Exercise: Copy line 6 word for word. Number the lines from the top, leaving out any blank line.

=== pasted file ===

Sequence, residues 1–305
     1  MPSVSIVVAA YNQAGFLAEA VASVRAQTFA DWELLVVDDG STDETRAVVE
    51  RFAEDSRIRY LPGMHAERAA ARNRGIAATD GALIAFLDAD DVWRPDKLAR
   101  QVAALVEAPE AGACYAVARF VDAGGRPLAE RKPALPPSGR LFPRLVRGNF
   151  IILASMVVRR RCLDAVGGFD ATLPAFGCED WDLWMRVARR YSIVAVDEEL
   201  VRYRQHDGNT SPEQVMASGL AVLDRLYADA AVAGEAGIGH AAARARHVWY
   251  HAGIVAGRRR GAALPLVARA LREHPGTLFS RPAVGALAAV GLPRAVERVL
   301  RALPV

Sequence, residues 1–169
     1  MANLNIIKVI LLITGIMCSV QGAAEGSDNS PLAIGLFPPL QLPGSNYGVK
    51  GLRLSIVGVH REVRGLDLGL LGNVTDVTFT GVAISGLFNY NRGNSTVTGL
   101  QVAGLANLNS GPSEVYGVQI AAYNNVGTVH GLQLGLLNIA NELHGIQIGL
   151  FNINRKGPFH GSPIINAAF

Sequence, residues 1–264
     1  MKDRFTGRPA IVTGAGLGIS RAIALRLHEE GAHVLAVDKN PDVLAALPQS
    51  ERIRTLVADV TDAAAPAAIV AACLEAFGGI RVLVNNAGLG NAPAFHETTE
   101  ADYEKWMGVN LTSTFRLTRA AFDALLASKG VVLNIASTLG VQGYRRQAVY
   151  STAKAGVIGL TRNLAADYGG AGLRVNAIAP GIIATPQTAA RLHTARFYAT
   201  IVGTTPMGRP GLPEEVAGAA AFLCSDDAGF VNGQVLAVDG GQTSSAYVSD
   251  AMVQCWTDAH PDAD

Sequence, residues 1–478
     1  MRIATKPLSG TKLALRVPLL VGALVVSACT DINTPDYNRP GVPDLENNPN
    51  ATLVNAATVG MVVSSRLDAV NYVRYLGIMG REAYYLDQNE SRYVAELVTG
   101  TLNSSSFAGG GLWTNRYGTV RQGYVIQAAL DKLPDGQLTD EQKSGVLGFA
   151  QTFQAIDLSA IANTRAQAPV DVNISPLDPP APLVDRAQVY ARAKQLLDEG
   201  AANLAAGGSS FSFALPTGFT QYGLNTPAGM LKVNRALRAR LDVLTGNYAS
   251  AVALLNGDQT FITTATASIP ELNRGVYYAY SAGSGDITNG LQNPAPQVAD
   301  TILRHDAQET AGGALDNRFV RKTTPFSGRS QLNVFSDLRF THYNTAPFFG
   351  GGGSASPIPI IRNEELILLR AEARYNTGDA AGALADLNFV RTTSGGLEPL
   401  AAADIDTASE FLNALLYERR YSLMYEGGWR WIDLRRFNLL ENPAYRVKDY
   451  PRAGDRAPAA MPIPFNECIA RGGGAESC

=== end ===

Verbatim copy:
   201  VRYRQHDGNT SPEQVMASGL AVLDRLYADA AVAGEAGIGH AAARARHVWY